The Colosseum
Events and shows during the Christmas and New Year holidays in Rome

The Christmas and New Year celebrations in Rome
Feast of the Epiphany in Piazza NavonaFrom December 1st 2023 to January 6th 2024, Piazza Navona
It is the most important Christmas market in Rome which, from the first days of December until January 6th, is concentrated in the splendid setting of Piazza Navona street artists, carousels, puppets, jugglers, artisans and traders.
In these days traditional elements mix with more modern ones and next to the stalls selling gastronomic specialities, Christmas decorations and various gift ideas, we find music, rides and colored lights, as well as various representations of the Befana who is the undisputed protagonist of this market and who will arrive in Piazza Navona on Saturday 6 January.
An event not to be missed for those who love the tradition and magic of Christmas.


This year it is also possible to admire the Tree of Peace in Piazza Navona, where each child will be able to bring their own decoration or craft to hang on the tree.


Befana 2024: historical processionSaturday 6 January 2024, Via della Conciliazione, Roma
XXXVII edition of the historical religious procession LONG LIVE THE BEFANA - To reaffirm the values of tradition which will parade on the morning (10.00 am) of January 6th in Via della Conciliazione following the Three Kings, coming for this XXXVII edition from Tiber Valley and Morlupo, the first protagonists of this great event.
A colorful volunteer festival in which historical re-enactment groups, horses, flag-wavers, musical bands, majorettes and live nativity scenes participate every year to represent and make the general public aware of the history, folklore, traditions, products and resources of our territories.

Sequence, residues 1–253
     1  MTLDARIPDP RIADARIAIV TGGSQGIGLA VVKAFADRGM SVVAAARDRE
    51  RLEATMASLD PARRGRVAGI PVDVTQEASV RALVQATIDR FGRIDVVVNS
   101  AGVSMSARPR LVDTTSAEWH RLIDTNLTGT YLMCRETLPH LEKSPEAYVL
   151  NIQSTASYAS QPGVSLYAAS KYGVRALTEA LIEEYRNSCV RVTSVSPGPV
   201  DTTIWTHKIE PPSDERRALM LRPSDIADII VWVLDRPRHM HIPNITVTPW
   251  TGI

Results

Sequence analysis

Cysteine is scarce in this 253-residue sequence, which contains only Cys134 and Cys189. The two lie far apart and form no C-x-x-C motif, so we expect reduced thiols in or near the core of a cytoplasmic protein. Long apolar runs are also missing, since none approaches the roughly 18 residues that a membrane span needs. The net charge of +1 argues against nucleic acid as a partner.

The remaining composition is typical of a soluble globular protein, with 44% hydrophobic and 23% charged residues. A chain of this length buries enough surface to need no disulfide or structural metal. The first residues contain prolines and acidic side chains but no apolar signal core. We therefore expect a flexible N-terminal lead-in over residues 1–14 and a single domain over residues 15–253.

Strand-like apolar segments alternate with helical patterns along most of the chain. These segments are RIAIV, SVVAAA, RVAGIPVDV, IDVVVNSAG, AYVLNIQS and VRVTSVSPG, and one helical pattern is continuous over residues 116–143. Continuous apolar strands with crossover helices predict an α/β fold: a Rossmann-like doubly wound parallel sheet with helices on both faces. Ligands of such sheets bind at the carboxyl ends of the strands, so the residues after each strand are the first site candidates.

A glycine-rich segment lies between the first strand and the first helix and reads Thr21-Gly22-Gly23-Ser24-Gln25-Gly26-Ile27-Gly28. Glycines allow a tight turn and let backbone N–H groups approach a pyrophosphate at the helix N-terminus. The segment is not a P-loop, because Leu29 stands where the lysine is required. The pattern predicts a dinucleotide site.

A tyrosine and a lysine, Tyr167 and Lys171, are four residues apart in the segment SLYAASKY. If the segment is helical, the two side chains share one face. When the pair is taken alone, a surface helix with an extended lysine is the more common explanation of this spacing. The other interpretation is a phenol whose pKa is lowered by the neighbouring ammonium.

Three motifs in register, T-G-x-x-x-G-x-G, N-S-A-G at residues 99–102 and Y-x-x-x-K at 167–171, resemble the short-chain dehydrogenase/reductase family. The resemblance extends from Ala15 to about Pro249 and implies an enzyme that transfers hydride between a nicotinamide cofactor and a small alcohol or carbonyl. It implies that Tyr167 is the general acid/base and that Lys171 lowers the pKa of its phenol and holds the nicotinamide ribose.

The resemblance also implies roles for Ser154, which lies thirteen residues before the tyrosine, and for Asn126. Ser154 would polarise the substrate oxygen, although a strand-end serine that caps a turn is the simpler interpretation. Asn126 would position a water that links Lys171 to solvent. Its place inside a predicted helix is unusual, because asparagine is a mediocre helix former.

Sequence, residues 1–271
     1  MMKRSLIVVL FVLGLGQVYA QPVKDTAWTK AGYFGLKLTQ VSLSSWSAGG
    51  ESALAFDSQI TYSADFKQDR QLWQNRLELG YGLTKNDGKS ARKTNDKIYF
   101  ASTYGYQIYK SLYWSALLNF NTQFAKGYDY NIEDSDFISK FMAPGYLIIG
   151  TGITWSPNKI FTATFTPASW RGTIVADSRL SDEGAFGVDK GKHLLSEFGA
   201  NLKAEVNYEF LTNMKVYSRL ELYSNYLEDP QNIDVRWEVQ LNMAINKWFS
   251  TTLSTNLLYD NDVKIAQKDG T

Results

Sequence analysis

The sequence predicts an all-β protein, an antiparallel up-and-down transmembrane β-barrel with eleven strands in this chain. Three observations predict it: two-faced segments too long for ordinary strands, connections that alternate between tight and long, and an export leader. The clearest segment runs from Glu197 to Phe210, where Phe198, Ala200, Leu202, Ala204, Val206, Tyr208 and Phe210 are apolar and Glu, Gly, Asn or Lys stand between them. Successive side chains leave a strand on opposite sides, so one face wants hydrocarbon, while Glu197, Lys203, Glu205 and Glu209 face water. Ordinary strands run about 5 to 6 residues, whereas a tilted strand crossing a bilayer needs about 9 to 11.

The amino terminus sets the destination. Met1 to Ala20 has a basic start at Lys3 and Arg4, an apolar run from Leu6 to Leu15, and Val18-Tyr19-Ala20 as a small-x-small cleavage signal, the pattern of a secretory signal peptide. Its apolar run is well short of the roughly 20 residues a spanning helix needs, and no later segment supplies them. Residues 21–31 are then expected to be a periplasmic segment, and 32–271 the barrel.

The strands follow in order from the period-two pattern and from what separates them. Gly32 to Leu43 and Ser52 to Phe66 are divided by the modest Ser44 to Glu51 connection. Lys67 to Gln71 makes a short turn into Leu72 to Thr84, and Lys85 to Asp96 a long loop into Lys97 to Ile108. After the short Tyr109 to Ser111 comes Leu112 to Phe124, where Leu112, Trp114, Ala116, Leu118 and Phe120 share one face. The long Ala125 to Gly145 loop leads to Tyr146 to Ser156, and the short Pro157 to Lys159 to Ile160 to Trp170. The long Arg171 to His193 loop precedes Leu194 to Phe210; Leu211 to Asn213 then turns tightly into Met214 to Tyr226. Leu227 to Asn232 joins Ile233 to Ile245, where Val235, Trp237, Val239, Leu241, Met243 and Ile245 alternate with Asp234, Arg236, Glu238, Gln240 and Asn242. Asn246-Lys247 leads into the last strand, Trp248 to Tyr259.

And there will be the Befana who, for her party, will follow and liven up the procession, aboard a luxurious excalibur.
Participation is free and open to all.


100 Nativity scenes in the Vatican: V EditionFrom 8 December 2023 to 7 January 2024, Colonnade of Piazza San Pietro
The cribs come from almost all Italian regions and from around 25 foreign countries, works by Italian and foreign artists and artisans, collectors, amateurs, elementary and middle school students. Various materials used from coral to silver, porcelain, glass to bronze, ceramics to clay, wrought iron, wood, in papier-mâché, in recycled materials. The dimensions vary from the miniature format to those at human height. The static or moving nativity scenes have different environments: from the classical ones of the Neapolitan and Sicilian and of the seventeenth and eighteenth centuries and of the Roman nineteenth to those futuristic expressed with crystals, iron and colored lights.
Hours : From 10:00 to 20:00 (every day)
Free admission


Christmas World 2022/2023From 1 December 2023 to 7 January 2024, Villa Borghese riding track, Rome
The biggest Christmas event in Italy returns with the second edition and this year it will take place in the green heart of Rome.
A glittering open-air event where Christmas in the world will be told in 30,000 square meters, with huge installations, themed experiences, incredible photo opportunities, shows & happenings in a film in which to be the protagonists.
You will be able to relive the Christmas memories linked to the city of Rome; stroll through the heart of Berlin; get lost in the London market; let yourself be fascinated by the magic of Paris and in an instant arrive in New York to twirl on the skating rink under the Brooklyn bridge or in Tokyo, in the pavilion dedicated to oriental atmospheres. The inevitable destination is the North Pole, with an original scenography of the village of Santa Claus.
Info on: www.instagram.com/christmasworld_italy


Christmas in Ancient Rome
In ancient Rome, before the advent of Christianity and Christmas on December 25, the Saturnalia was celebrated in the period from December 17 to 23, a cycle of festivals dedicated to the God Saturn and the mythical Age of "Oro, a time when men lived without the need for laws, without hatred or wars among themselves, did not cultivate the land because plants grew spontaneously there and did not need to build houses because it was always spring.
During the Saturnalia, therefore, as happens today between Christmas and New Year, the cities were decorated with garlands, ribbons and torches and for seven days the population delighted in banquets, entertainment and exchanges of gifts. The slaves also became free men and ate at the same table as their masters who, in turn, served the diners.


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